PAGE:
Safeguarding the Good Name of Others

Musa Kâzım GÜLÇÜR

The Qur’an enjoins believers to refrain from indulging in unfounded suspicion, searching for faults, and speaking ill of others:

“O you who believe! Avoid much suspicions, indeed some suspicions are sins. And spy not, neither backbite one another. Would one of you like to eat the flesh of his dead brother? You would hate it (so hate backbiting). And fear Allah. Verily, Allah is the One Who accepts repentance, Most Merciful.” (The Chambers, 49:12)

The Holy Qur’an points to at least three basic prohibitions in this verse:

1. One should not presume bad things about others or think poorly of them.

2. One should not pry into the private business of others.

3. One should not say negative things about others behind their backs—in other words, one should not gossip about them.

Now let us try to understand these three major ideas in the verse, one at a time.

1. Assuming the Best: There are different types of assumptions. In Islam “assuming someone is good,” or having a good opinion and thinking well of others is known as husn al-zann, while “assuming someone is bad,” or thinking bad about others is called su’ al-zann. Husn al-zann, or having good thoughts about others, should be our goal; we should think good of, first of all, God, then God’s Messenger, and then all the believers, and even all human beings. On the other hand, it is sinful to have negative thoughts about others without proof, or to nurture su’al-zann, which means disregarding a person’s good side and thinking badly about them.

In Islamic teaching it is essential to view others as good unless or until we have seen definite evidence to the contrary. Any person must be presumed good, even if incorrect behaviour or bad characteristics are suspected; this is true unless such suspicions are confirmed by evidence. In fact, this is the same principle that guides the legal formula, “innocent until proven guilty,” where the burden of proof lies with the accuser, and the accused is blameless until incontrovertible evidence proves them to be guilty. Since the burden of proof is on the accuser, those who cannot prove their assumptions engage in “presumption” or conjecture, which is wrong in both religious and civil laws. The Messenger warned the believers, “Desist from saying ‘I think (such-and-such about so-and-so).’ For conjecture is the most deceptive (form) of talk.” [Bukhari, Adab, 57–58]

2. Avoiding Meddling and Prying: Safeguarding personal dignity and not prying into the faults of others are important manners that should be observed in social life. In relation to this, God has commanded, “Do not spy on one another.” In the aforementioned verse, the Arabic word tajassus, derived from the verb jassa, is used. The meaning of this verb is to dig for information about something, to think about it and to try to comprehend its hidden face. [Ibn Manzur, Lisan al-Arab, 6/38]

God decrees, “Do not search out shameful things.” This is a sensitive subject. Indeed, the Messenger of God warned us about the punishment for such actions: “O you who profess faith with your tongues but do not confirm it with your hearts! Do not torment Muslims, do not pry into their private lives. If you try to uncover the secrets of your Muslim brother, God will uncover your secrets. And whoever seeks for shameful things in others, even if they are in their own house, God will bring them to shame before people.” [Tirmidhi, Birr, 85]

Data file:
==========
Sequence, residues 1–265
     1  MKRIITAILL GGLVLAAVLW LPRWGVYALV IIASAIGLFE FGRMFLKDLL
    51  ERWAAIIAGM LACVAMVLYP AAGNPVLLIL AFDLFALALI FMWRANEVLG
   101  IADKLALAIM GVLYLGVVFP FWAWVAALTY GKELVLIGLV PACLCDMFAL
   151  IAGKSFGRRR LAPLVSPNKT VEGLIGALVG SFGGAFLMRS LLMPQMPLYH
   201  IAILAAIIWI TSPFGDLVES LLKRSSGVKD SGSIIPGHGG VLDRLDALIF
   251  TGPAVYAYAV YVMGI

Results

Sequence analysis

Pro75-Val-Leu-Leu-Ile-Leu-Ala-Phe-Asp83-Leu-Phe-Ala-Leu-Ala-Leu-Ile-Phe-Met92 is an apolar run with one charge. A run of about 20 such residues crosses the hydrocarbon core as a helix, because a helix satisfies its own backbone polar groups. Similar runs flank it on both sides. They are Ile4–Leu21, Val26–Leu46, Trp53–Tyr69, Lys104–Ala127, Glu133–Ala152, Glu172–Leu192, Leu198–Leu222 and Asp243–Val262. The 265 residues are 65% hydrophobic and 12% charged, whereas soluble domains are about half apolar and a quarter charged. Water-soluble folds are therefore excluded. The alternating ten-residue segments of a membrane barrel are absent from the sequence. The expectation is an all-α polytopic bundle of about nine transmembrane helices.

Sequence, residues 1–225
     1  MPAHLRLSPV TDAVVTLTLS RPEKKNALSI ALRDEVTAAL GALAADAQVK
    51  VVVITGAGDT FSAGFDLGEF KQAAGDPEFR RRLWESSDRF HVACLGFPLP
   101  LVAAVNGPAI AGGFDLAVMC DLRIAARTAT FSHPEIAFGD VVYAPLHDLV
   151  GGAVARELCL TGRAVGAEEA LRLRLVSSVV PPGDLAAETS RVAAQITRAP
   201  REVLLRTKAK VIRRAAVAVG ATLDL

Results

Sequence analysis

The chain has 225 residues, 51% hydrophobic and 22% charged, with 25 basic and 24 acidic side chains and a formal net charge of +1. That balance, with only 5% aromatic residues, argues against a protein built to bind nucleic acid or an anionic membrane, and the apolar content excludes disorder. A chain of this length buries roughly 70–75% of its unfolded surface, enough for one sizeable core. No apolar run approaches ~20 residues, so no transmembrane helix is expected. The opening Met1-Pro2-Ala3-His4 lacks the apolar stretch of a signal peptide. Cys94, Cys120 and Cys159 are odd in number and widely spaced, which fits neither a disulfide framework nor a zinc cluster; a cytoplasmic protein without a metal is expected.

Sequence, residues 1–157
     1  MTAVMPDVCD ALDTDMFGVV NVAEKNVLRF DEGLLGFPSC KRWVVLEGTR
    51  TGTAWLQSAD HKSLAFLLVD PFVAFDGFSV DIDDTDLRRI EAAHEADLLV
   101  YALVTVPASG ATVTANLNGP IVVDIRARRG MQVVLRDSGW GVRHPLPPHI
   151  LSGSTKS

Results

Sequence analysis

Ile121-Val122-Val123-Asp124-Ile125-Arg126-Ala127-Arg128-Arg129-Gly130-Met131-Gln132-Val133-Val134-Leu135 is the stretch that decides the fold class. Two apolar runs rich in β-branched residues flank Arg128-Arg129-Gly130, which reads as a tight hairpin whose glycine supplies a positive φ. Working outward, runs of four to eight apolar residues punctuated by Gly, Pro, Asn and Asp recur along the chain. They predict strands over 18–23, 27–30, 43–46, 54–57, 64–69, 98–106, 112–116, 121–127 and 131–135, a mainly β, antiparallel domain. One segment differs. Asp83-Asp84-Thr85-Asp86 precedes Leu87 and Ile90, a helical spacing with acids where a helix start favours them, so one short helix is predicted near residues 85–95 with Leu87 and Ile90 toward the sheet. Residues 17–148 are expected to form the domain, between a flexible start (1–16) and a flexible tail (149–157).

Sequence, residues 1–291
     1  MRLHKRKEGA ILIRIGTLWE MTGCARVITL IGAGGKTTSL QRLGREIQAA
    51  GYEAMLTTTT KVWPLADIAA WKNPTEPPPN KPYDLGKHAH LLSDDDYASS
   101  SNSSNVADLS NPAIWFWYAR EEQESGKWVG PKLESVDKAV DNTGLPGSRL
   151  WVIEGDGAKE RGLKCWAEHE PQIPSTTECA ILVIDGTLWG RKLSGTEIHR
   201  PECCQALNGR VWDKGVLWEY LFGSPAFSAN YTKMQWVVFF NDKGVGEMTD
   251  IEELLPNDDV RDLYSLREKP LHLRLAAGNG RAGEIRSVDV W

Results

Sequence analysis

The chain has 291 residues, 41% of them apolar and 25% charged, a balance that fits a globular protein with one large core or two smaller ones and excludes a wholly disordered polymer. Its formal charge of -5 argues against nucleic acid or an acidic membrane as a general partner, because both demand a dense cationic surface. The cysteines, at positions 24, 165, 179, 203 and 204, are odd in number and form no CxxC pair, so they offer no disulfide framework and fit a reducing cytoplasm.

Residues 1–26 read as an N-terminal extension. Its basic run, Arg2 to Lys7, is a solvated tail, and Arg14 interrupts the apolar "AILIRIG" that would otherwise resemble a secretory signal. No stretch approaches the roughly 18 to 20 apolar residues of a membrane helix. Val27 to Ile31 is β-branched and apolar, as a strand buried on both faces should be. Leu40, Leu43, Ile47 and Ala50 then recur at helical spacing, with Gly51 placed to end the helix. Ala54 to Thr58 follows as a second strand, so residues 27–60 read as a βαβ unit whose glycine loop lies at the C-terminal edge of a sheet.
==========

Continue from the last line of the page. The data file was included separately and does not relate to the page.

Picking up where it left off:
Finding people’s hidden faults, bringing them into the open and publicizing them naturally provokes shame in the one who does this, and that shame is a signal from God. The result is that such a person will begin to do publicly things that they used to feel compelled to hide. From the perspective of akhlaq, this is an undesirable position. The Prophet said, “If anyone covers the faults of a Muslim, God will cover his faults on the Judgment Day.” [Ibn Maja, Sunan, Vol. II, Hadith no. 2547]

Thus, we should not pry in an attempt to find out the faults or private affairs of others, but rather strive to conceal their faults.

3. Avoiding Backbiting: Islamic scholars agree that backbiting is haram (prohibited). It is compared to eating the flesh of a human being: “…do not backbite (against one another). Would any of you love to eat the flesh of his dead brother? You would abhor it!” (Hujurat 49:12).

The Companions once asked the Messenger of God, “What if the fault we speak of is one our brother truly has?” He replied, “If the person truly has the fault you speak of, then you are backbiting. And if he does not, then you have slandered him.” [Muslim, Birr, 70; Tirmidhi, Birr, 23]

Clearly, then, to say something about someone that would upset them if they heard it is backbiting, a great sin. However, if it is not true of them, then it is slander, an even greater sin.

Just as it is prohibited to speak negatively about other people, the person who does not protest when hearing such conversations has also committed a wrong act. If a believer violates this rule but another keeps silent and allows it, that silence is also a form of transgression. Basically, one must not allow oneself to be found in such circumstances, and one should refuse to listen to gossip. The promise of the Messenger of God must not be forgotten: “One who guards the honour and reputation of a sister or brother in Islam in their absence will be rescued by God from the fire of Hell.” [Ibn Hanbal, Musnad, 6/461]

Translated by Jessica ÖZALP

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